In one fell swoop, four earnings reports after Thursday’s closing bell gave investors a clear message regarding the state of the all-important U.S. consumer: they are home eating pasta. With investor's expecations already running very high ahead of their respective reports, Chipotle (CMG), Buffalo Wild Wings (BWLD), Panera Bread (P, and BJ's Restaurants (BJRI) each reported very disappointing numbers that will be sure to cause even the staunchest of restaurant bulls to throw the towel in on this "valuation stretched" group.
Over the past few weeks, the strength in BWLD, CMG, and PNRA was nothing short of impressive. While BJRI did not come across our relative price screens, BWLD, CMG, and PNRA each showed up on a daily basis. As most stocks were busy breaking below their respective 50 and 150 day SMAs, all of these names were busy holding their respective 20 Day SMAs, just shy of their respective 52 week highs. That is, until today's reports.
Of the four reports, Buffalo Wild Wings' numbers were by far the most disappointing. The company's Q4 earnings of $.46 per share missed expectations by $.05 a share. While revenues rose 19.6% year-over-year to $145 Million, they came in almost $4 million shy of revenue estimates. 2010 EPS guidance also fell short - the company is now looking for EPS of $2.02, as opposed to the $2.14 that analysts had been expecting. Shares dove in after-hours to the tune of almost $6.
PNRA and CMG did not disappoint to nearly the degree that BWLD did. Both companies registered relatively in-line numbers, with CMG beating on the bottom-line and meeting top-line numbers and PNRA meeting numbers on both fronts.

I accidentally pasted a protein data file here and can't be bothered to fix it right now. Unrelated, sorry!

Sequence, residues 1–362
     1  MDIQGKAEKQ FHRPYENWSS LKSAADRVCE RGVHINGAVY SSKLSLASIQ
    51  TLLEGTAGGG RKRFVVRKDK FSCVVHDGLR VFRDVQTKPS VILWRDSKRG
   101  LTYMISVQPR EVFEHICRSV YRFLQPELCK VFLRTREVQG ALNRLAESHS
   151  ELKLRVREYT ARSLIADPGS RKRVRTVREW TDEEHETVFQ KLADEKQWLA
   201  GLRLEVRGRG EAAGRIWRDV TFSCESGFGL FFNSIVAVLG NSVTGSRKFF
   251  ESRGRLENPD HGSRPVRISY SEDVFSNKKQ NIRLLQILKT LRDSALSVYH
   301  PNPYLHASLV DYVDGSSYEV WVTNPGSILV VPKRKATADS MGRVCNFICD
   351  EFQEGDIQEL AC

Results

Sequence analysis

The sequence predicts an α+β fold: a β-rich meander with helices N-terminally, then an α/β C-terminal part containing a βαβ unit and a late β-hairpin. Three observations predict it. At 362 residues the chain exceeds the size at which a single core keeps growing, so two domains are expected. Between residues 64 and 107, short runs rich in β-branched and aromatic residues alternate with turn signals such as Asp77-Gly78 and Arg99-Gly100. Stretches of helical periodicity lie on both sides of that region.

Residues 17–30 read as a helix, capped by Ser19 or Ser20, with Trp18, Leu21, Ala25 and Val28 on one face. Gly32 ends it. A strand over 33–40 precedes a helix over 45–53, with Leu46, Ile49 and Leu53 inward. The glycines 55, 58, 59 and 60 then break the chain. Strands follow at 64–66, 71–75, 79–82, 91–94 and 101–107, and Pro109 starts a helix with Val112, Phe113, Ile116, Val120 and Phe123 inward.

Although the least well-known of the four, brewer BJ's Restaurants offered what may have been the most revealing comments on the state of the consumer during their conference call with investors. According to the company's CEO:
We don't expect to see meaningful and sustainable increases in our guest traffic and comparable sales metrics until the overall job market begins to improve in our country.
As we ponder these respective reports, one thing remains clear: despite the occasional bursts of consumer activity here and there, the U.S. consumer will remain under severe pressure until sustainable job growth reappears.
From what we can tell, maybe the best way to get a true read on when the U.S. consumer is ready to spend again will be to watch the action in American Italian Pasta Co. (AIPC). One of the few shining stars to flourish during the brutal bear market of 2007-2008, AIPC represents the eating habits and necessities of the current consumer who must scrimp and save while under-employed, over-worked and under-paid in this brave new world of ours. Observe how AIPC has been basing out during the entire 11-month mini-bull and how it has recently broken out to new highs:
AIPC's recent push to new highs appears sustainable. Our guess is that it hangs in there just fine and maybe even moves higher as these other over-valued restaurant names break lower.
Looking ahead, keep an eye on AIPC. Any move back into the low $20s and high teens in the next 1-3 years would imply that the consumer is once again willing to spend in a big way on such discretionary items as those tasty chicken burritos at CMG and the wings at BWLD. Until then, it seems clear to do one thing: sell all and any rallies in the coming weeks and stick a fork in them - the upside in the restaurants is over.
Disclosure: No positions in any of these names.